But it is not only people who will be wanting to move – many states will be hoping to attract them. Future migrants are likely to target countries with good prospects for growth and an ability to accommodate international skills, talent and capital. Researcher Hein de Hass points to the ‘self-centred notion’ of western states, that assume they will continue to be an attractive destination to migrants in the future. But as we can begin to see already, the financial crisis has made the prospects for migrants coming to these countries significantly less appealing. He argues that, at the moment, it is countries with booming economies and in closer proximity to migration source countries, such as Mexico, Turkey, Brazil and India, that are attracting migrants in large numbers, rather than the UK.
Looking ahead, the UK’s need for migration is deeply embedded, and is unlikely to decline. The UK is heavily reliant upon international migration to sustain our higher education sector, contribute towards business, international trade and investment and provide critical public services.
The Office of National Statistics projections indicate a drop in the UK’s working age population in relation to the cohort at pension age by 2035 – in short, the UK may well be in greater need of skills across the labour market in the future. But according to predictions of researchers at the New Economics Foundation this is when UK will be in real competition for migrants with other developed nations, as well as with rising economic superpowers such as China, India and Brazil, which provide more obvious return for the investments made by migrants. By restricting the possibilities for entry, settlement and family reunification in the UK now, the UK risks simply putting off those that it will likely be seeking to attract in the future, as well as making the process of migration more precarious for all.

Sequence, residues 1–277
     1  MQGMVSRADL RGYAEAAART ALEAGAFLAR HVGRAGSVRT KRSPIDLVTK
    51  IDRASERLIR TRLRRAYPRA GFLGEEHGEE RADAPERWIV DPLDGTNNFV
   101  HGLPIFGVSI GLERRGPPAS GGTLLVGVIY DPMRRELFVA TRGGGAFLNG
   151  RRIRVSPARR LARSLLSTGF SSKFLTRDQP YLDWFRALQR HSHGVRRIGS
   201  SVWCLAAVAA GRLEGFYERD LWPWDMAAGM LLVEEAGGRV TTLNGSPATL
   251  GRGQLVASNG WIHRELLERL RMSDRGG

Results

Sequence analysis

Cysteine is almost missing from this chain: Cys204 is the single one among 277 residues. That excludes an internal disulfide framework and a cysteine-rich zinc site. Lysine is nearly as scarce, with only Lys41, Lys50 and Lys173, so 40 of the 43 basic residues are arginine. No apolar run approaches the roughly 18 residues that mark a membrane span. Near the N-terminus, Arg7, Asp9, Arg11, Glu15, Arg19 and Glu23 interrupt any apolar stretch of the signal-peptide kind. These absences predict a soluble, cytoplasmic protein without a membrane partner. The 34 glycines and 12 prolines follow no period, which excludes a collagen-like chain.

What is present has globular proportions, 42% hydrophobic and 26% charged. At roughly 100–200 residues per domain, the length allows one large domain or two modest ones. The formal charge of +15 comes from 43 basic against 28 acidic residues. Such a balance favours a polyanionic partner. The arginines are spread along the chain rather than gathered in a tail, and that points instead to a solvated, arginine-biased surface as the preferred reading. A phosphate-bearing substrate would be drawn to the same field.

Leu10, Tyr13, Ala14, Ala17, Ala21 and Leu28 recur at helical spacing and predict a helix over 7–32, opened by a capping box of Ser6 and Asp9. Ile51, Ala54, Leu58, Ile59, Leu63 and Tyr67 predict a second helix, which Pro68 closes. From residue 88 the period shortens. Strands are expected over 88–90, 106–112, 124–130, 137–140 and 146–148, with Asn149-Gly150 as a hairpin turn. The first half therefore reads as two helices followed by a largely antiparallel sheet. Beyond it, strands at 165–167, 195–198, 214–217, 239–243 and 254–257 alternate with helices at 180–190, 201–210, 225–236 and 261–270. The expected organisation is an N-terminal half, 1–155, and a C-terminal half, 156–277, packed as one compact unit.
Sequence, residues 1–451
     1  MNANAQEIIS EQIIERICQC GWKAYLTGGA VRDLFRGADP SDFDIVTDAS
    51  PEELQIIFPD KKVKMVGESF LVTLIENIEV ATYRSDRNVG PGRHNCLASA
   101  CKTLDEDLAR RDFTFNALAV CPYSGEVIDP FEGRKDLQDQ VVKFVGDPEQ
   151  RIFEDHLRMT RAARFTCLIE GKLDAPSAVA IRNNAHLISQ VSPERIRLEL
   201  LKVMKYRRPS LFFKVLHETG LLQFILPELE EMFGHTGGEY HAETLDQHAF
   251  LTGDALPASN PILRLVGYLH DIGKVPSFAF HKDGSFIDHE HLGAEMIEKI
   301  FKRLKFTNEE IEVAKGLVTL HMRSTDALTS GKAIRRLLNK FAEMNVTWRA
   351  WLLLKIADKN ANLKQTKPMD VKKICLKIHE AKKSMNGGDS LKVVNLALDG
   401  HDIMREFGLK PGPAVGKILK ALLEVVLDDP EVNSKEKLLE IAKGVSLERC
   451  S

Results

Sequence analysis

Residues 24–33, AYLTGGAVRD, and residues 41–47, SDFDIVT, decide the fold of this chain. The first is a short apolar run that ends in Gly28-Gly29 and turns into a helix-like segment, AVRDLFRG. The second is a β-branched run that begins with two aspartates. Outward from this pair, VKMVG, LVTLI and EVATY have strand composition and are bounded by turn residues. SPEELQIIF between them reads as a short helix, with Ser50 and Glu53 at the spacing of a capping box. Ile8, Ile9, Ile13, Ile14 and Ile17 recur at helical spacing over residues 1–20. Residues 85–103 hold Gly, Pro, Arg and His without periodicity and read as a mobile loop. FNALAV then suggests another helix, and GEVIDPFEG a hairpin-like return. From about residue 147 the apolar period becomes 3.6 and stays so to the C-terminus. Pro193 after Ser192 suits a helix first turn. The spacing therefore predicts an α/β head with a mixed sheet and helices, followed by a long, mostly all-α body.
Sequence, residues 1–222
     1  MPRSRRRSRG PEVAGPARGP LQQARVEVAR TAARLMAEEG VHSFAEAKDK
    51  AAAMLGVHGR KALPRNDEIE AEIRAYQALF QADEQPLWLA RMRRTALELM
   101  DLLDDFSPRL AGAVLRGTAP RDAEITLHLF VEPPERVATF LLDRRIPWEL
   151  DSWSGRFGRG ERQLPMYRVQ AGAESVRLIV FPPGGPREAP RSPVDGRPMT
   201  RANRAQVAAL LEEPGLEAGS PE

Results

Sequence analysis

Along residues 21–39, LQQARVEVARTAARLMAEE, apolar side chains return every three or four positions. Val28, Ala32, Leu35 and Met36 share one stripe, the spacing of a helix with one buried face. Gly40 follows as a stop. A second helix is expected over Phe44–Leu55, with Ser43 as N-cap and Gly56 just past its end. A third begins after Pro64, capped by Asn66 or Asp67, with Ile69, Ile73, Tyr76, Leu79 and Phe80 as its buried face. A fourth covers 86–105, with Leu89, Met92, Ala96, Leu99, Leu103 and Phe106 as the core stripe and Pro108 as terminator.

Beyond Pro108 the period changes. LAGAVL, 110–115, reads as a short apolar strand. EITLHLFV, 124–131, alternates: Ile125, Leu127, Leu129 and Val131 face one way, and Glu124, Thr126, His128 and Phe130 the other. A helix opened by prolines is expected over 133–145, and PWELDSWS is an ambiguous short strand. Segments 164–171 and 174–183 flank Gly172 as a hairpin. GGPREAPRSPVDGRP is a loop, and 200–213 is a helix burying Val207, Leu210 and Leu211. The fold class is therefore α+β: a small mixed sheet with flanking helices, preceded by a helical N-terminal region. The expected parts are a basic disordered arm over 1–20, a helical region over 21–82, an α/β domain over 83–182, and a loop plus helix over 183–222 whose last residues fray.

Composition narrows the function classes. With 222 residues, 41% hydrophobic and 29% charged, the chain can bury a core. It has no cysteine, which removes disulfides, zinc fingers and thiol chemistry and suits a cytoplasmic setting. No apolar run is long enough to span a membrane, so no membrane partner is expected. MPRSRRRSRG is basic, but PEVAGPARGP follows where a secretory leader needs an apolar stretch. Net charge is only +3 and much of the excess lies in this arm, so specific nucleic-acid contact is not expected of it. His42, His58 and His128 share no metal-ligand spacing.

All this is not to dismiss the challenges of the present, but to point out the urgent need for a pragmatic long-view when devising policies and when debating these issues. If continued immigration will not only be inevitable but vital to our national interests, then surely the best strategy is to plan for it by strengthening the structures and systems which make it work for the benefit of all, rather than trying to turn back the clock to no avail.
What we need is not time and money spent trying to convince the public that less migration is both possible and desirable, but efforts to build a better narrative and policy agenda which can prepare the UK for occupying a place within the global economy and society of the future. This will involve investing in local structures which support migrant integration, regulating business to ensure that migration is associated with fair employment conditions, and ensuring that the possibilities for migration to the UK meet the needs and interests of employers, communities and migrants themselves.
Of course wider public concerns about the scale and impacts of migration in the UK must be addressed, but this will not happen by overplaying the negative aspects of migration and devising new policies to restrict them. We need measures which will address the underlying causes of tensions between some communities and their newer arrivals, such as the chronic shortage of social housing in the UK. This must be accompanied by a bigger narrative about the future of the UK and the role that migration will continue to play.
Ultimately, we will find out that we don’t have much choice about whether immigration is part of our future, but what we can decide is how to respond to it.